What are the basic rules of state aid policy?
State aid policy is one of the three main pillars of EU competition policy. State aid control stems from the need to maintain a level playing field for all companies active in the Single Market, irrespective of the Member State in which they are established. State aid control also contributes to avoiding contests between Member States where they try to outbid each other to attract investment. Preserving competitive markets is the best way for European citizens to get the products they want at low prices, and to foster innovation and growth in the EU.
The EC Treaty (Article 87) prohibits any aid granted by a Member State in any form whatsoever which distorts competition by favouring certain firms or the production of certain goods where such aid affects trade between Member States. A number of exceptions are allowed. However, all state aid measures need to be notified by the Member States to the Commission prior to their implementation, unless they are covered by a block exemption Regulation. The Commission has the exclusive competence to declare such aid compatible with the EC Treaty.
Would the draft GBER constitute a relaxation of state aid rules?
No. The draft GBER does not alter the fundamental architecture of state aid control: Member States would remain obliged to notify all state aid to the Commission prior to its implementation, unless the aid fulfilled the applicable conditions of the Regulation. But the Regulation would significantly reduce the bureaucratic burden with respect to those aid measures which, upon notification, would anyhow have been approved by the Commission on an individual basis. This fits both into the Commission's "better regulation and simplification" agenda, and into the Commission's agenda to promote "Less and better targeted aid". The draft GBER would facilitate the possibilities for Member States to grant subsidies that clearly fulfil horizontal objectives in line with the European Union's Lisbon objectives (such as environmental protection, or promotion of research and development).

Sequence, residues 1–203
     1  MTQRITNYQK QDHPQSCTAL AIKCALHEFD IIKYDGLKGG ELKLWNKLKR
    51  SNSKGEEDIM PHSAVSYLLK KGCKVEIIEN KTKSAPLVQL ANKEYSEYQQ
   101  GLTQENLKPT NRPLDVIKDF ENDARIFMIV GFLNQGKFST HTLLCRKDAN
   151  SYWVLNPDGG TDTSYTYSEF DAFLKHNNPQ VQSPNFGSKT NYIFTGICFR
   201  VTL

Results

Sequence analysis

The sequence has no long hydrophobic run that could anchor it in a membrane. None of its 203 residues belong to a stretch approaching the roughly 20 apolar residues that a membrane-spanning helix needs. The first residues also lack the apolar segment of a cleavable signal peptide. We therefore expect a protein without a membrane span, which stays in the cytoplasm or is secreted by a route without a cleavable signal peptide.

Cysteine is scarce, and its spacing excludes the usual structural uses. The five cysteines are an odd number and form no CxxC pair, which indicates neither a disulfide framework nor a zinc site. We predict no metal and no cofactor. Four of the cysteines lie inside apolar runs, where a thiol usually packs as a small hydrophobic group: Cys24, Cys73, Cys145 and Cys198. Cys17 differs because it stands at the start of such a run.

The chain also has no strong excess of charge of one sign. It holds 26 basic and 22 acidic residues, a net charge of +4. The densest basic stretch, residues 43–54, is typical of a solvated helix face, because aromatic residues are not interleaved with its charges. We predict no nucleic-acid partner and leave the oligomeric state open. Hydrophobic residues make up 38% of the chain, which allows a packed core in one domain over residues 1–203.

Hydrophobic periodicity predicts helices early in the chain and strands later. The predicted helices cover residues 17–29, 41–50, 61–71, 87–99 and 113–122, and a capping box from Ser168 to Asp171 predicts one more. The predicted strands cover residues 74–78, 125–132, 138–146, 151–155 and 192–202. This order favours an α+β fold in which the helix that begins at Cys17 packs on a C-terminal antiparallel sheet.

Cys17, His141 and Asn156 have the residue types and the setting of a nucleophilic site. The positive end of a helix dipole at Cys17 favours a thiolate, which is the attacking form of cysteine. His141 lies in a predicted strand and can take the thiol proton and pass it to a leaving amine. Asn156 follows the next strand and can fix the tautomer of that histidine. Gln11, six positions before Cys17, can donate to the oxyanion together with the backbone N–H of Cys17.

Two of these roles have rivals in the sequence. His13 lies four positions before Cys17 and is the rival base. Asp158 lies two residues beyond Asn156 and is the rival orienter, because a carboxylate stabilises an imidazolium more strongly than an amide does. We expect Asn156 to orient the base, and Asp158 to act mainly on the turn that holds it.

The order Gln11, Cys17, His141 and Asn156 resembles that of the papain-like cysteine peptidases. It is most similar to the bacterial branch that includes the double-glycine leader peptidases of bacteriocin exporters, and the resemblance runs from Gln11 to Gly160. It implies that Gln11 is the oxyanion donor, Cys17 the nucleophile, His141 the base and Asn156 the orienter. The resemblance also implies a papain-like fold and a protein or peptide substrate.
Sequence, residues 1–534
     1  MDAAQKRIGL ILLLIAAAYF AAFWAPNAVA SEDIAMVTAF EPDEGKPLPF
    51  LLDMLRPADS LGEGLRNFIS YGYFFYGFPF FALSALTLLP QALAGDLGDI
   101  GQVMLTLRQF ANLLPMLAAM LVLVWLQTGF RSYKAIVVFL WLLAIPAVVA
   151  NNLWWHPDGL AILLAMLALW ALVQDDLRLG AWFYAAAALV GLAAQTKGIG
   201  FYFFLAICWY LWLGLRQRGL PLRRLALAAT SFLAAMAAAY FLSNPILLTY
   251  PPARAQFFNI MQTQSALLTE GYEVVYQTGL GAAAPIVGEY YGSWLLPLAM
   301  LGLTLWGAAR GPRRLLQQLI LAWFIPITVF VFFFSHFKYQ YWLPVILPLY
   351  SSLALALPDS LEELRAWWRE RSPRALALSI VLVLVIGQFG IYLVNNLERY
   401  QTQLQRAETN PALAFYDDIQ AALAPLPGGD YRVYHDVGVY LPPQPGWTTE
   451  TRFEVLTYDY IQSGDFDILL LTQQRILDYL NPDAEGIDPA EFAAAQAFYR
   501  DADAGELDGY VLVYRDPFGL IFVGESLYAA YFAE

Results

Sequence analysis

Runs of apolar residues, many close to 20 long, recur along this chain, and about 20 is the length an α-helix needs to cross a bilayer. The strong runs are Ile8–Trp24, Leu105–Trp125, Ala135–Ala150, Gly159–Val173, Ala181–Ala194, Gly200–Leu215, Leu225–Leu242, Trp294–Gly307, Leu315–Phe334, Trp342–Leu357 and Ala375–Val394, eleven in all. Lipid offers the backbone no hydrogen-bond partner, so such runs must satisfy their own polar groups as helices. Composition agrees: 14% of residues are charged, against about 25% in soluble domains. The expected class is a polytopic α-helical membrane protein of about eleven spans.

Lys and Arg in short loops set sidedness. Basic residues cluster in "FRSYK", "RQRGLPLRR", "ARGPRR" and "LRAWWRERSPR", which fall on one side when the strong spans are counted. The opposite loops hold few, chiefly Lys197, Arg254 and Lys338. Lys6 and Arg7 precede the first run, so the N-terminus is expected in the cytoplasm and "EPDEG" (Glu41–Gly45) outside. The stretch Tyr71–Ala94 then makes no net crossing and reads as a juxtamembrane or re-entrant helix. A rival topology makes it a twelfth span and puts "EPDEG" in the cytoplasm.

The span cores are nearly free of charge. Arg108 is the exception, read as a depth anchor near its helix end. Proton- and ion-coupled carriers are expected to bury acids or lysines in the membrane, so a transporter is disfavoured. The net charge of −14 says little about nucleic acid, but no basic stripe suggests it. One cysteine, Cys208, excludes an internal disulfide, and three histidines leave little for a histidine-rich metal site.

What is the calendar for adopting the final version of the GBER?
The Commission will, in line with Council Regulation (EC) n° 994/98, convene an Advisory Committee two months after the date of adoption of this draft, to give Member States the opportunity to make their views known. In light of these comments and of comments made by other stakeholders, the Commission can decide to adapt its draft. This revised draft will then be published in the Official Journal of the European Union for comments by all interested parties. A further revised draft will be discussed again with the Member States in a second Advisory Committee, following which the Regulation will be adopted by the Commission. This is expected to happen before July 2008, as the current block exemption Regulations will expire on 30 June 2008 (see Commission Regulation EC No 1976/2006).
The current Commission draft GBER will be published on the website of the Commission at:
Deadline for comments: 3 June 2007.
Interested parties may submit their comments on the draft GBER to the following address:
Directorate-General for Competition
State aid Registry
Fax (32-2) 296 12 42